The firm’s health division was fined €245,000 after the Central Bank examined a sample of 198 of its customer complaint files. Of those, 163 were found to contain what the bank described as “clear breaches of one of more of the complaints handling provisions of the code”.
It found that Aviva Health Insurance had failed between June 2009 and Dec 2010 to:
* Acknowledge each complaint in writing within five business days of the complaint being received.
* Provide complainants with the name of one or more individuals appointed by the regulated entity to be the complainant’s point of contact in relation to the complaint until the complaint is resolved or cannot be processed any further.
* Provide complainants with a regular written update on the progress of the investigation of the complaint at intervals of not greater than 20 business days.
* Inform complainants of their right to refer their complaint to the relevant ombudsman and provide them with the contact details of the ombudsman.
* Maintain an up-to-date record of complaints.
* Offer complainants the opportunity to have their verbal complaints treated as a written complaint.
In the life and pensions arm of the business, the Central Bank examined 76 sample customer complaints and found 50 of those contained clear breaches. Aviva Life and Pensions was also fined €245,000 because it had failed between July 2007 and Jan 2011 to address the same issues which had been raised in the health insurance division.
The Central Bank did say that in both sectors, Aviva undertook “immediate measures to rectify the issues that were identified on foot of the thematic review, including the implementation of new systems and procedures and an enhanced training programme in order to prevent reoccurrence”.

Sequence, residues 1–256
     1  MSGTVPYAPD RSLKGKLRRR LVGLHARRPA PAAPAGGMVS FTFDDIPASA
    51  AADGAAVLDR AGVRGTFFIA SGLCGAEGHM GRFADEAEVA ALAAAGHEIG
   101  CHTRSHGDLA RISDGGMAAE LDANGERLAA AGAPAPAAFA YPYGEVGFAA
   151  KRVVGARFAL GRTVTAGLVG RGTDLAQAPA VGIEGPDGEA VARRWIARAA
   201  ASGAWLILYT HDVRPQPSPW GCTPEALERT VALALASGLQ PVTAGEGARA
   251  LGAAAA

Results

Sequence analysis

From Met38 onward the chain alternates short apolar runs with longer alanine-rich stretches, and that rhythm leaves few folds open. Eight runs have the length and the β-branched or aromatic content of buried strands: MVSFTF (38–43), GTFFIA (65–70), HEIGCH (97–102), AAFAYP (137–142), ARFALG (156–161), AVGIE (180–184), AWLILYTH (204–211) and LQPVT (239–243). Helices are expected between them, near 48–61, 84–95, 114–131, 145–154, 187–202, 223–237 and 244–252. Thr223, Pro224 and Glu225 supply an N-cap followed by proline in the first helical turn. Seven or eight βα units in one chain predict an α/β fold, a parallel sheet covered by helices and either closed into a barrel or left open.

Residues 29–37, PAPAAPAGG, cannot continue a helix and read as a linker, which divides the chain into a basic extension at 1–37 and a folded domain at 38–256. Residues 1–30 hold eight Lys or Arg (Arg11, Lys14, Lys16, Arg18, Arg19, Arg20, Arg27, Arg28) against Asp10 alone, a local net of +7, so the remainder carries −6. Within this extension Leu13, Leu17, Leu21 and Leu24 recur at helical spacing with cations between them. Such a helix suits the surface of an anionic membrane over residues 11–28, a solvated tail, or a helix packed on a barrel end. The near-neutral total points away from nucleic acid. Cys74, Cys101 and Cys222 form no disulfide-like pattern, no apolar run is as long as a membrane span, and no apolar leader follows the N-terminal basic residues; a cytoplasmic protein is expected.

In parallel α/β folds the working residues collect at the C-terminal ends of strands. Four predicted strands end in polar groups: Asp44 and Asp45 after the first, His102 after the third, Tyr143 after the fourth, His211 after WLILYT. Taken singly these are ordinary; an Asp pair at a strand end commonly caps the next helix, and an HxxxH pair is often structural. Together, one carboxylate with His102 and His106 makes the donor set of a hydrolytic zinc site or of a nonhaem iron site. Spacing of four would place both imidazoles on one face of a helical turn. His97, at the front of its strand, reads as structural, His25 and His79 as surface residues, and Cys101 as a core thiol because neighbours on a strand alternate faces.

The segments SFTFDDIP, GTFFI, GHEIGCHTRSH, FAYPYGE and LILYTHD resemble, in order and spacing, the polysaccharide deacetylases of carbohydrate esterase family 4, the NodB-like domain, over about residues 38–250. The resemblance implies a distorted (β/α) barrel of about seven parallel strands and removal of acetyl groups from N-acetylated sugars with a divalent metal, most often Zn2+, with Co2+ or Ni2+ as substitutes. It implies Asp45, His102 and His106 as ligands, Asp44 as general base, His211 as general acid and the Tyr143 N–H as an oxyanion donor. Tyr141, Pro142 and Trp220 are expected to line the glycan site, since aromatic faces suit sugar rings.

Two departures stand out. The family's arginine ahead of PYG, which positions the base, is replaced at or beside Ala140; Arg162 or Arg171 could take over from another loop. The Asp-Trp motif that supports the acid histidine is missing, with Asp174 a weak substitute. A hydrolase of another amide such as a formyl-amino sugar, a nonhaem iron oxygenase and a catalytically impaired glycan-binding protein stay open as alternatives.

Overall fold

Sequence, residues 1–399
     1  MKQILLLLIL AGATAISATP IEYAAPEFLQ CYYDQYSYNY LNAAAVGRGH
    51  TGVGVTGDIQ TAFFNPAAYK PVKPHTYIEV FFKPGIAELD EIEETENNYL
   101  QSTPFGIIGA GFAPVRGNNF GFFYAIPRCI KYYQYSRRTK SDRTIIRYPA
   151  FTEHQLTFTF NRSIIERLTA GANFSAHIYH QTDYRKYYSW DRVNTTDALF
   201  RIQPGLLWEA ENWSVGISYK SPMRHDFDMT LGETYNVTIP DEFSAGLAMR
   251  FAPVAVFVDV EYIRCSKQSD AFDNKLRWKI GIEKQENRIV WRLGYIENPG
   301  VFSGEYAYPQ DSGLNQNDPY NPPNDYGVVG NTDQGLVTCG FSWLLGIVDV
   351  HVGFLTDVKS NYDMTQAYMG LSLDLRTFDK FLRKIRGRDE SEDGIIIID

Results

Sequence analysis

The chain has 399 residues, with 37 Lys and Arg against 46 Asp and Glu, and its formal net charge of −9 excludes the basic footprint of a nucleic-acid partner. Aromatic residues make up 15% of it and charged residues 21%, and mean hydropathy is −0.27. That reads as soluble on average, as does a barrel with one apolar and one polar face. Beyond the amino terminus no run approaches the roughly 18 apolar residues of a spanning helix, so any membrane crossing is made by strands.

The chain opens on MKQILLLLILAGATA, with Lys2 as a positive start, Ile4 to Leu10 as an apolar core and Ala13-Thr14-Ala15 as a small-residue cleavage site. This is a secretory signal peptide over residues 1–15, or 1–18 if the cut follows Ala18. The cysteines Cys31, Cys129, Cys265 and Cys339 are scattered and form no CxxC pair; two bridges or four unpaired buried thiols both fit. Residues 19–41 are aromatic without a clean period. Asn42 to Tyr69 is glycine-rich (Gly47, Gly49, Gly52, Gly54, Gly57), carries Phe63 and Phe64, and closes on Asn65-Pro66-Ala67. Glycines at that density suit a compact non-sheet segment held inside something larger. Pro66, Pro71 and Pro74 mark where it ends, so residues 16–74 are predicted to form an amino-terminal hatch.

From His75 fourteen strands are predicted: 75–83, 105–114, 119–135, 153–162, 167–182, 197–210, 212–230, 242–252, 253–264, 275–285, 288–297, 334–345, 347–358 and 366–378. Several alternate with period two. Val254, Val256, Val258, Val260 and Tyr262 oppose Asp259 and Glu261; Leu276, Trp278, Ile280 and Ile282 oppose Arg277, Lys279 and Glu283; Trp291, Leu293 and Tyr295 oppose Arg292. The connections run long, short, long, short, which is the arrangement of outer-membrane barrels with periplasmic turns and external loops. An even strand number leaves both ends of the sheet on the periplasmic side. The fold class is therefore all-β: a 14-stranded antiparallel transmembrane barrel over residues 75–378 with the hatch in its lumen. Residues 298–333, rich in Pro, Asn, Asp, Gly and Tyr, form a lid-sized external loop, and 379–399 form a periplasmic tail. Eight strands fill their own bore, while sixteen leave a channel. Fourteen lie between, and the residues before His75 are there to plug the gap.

Peter Oakes, the director of enforcement with the Central Bank, said proper complaints handling policies and procedures were fundamental to ensuring the speedy, efficient and fair treatment of consumers who complain about products and services.
“Incomplete procedures, inadequate systems and controls and not employing effectively resources in the area of complaints handling can jeopardise the level of protection owed to consumers and accordingly undermines the special trust consumers place in financial service providers,” he said.
“Today’s fine reflects the seriousness with which we view breaches of the [consumer protection] code and the importance that we place upon proper complaints handling by firms, including adherence to the complaints handling provisions as set out in the code. Firms must ensure that consumers can have confidence from the outset in the way that their complaint will be treated.
“The first step in this process is ensuring the complaint is processed in accordance with the manner and timeframes specified in the code.”